Ann E. Cudd, dean of the College and Graduate School of Arts and Sciences at Boston University, has been named provost and senior vice chancellor at the University of Pittsburgh, where she earned three degrees in the 1980s.
She was elected by the University’s Board of Trustees at its June 29 annual meeting.
She succeeds Patricia E. Beeson, who was one of Cudd’s professors when she was studying at Pitt. In November 2017, Beeson announced she would return to Pitt’s economics faculty this year. Cudd will begin her tenure at Pitt in September.
“I have known Ann since she was a graduate student at Pitt and have followed her remarkable career,” said Beeson. “I have been deeply impressed by her many significant accomplishments as both a scholar and academic leader. I am confident that with her leadership the University will continue on its path to even greater success.”
As the University’s chief academic officer, Cudd, who also has a master’s degree and Ph.D. in philosophy from Pitt, will lead the development and implementation of Pitt’s academic vision, overseeing the four regional campuses; several centers and other academic areas; and all of the Pittsburgh campus’s schools, excluding the Schools of the Health Sciences.
“Ann has a rare capacity to move among the roles of scholar, leader, collaborator and teacher with exceptional ease and remarkable impact,” said Chancellor Patrick Gallagher. “But, what has impressed me most about Ann, so far, is her vision for Pitt. It is bold, bright and certain to enhance the University of Pittsburgh’s mission to leverage knowledge for society’s gain. I am thrilled that she is returning to Pitt and excited to watch our University community’s commitment to academic excellence advance in her hands.”
Cudd has served as an administrator and as a professor of philosophy at Boston University since August 2015. As dean, she supervises the academic and research operations of more than 700 full-time faculty members and more than 7,000 students.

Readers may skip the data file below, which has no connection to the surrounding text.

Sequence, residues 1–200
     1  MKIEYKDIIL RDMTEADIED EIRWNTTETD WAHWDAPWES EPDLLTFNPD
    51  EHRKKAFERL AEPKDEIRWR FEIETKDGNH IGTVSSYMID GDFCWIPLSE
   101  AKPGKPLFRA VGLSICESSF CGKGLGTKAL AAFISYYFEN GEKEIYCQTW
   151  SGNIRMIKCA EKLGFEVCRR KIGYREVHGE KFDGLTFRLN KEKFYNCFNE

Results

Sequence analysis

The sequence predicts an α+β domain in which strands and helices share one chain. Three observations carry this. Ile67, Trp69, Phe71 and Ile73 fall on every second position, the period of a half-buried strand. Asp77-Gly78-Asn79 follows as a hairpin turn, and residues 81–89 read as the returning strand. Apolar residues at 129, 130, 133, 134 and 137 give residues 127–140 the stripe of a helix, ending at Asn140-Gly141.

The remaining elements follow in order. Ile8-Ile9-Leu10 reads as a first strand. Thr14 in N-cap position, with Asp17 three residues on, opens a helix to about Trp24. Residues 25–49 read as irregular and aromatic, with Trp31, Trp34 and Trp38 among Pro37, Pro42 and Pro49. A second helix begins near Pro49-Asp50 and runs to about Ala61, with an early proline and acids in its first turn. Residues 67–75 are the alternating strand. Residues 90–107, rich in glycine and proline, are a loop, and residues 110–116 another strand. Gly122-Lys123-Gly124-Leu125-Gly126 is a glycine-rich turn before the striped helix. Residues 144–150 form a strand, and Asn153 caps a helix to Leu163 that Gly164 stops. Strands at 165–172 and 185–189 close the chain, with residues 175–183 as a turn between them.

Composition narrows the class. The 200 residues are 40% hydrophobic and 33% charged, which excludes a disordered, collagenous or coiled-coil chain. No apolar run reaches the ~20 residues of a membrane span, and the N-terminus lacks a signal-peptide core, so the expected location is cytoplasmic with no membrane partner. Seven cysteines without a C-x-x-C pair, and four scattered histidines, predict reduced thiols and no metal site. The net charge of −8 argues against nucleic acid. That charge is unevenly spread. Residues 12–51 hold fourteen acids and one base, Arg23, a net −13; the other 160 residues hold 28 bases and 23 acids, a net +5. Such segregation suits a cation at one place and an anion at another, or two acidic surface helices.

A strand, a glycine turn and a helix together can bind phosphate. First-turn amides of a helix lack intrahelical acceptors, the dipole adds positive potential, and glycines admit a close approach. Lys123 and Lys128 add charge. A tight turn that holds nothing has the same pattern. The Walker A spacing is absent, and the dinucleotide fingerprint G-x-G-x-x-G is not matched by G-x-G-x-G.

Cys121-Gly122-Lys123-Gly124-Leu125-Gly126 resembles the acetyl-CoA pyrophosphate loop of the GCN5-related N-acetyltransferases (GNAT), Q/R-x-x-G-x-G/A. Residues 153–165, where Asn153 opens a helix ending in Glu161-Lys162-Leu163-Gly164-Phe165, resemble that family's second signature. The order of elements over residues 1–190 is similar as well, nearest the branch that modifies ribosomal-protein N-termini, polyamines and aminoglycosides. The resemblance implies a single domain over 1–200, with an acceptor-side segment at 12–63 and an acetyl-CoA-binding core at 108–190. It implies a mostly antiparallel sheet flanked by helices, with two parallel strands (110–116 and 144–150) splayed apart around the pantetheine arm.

I have been so gratified to be welcomed by faculty — including former teachers of mine — and staff and to hear their enthusiasm for the University and its upward trajectory in prominence, diversity and excellence.
Ann E. Cudd, incoming University provost
“I am thrilled to return to the University of Pittsburgh as provost,” said Cudd. “Pitt holds a special place in my heart. It’s a great university that is energizing economic development and social mobility in Western Pennsylvania. I have been so gratified to be welcomed by faculty — including former teachers of mine — and staff and to hear their enthusiasm for the University and its upward trajectory in prominence, diversity and excellence. I believe we can do even more to promote our world-class liberal education and innovative research to the broader national and global community.”
She added, “I am particularly excited to work with deans, faculty, staff and students to increase the diversity and inclusiveness of the University community and to fully engage my fellow alumni for a lifelong connection to the University we love.”
She previously worked at the University of Kansas for 25 years in a variety of faculty and administrative roles, most recently as a University Distinguished Professor of Philosophy and as vice provost and dean of undergraduate studies. She also held a two-year faculty appointment at Occidental College in Los Angeles.
“Provost Cudd seems like an excellent fit for Pitt,” said Chris Bonneau, Senate president and a political science faculty member. “She has a real appreciation for the importance of shared governance and I am excited to begin working with her.”
As a philosopher, Cudd has explored a number of topics — including capitalism, feminism, inequality and oppression — in more than 50 books, articles and chapters. One of those books, “Analyzing Oppression,” was recognized as an Outstanding Academic Title in 2007 by the Association of College and Research Libraries’ publishing unit Choice.
“We are extremely pleased to welcome Ann Cudd back to the University and the department,” said Robert Batterman, professor and chair of the Department of Philosophy within the Kenneth P. Dietrich School of Arts and Sciences. “Her scholarly work — ranging from social and political philosophy and feminist theory to the philosophy of economics — has informed her approaches to current issues impacting higher education. Cudd’s research, along with her service to higher education, will considerably strengthen not only our department but also the University of Pittsburgh as a whole.”
Her research interests are also reflected in her leadership as vice president and president-elect of the American section of the International Association for the Philosophy of Law and Social Philosophy.
Cudd earned a bachelor’s degree in mathematics and philosophy at Swarthmore College.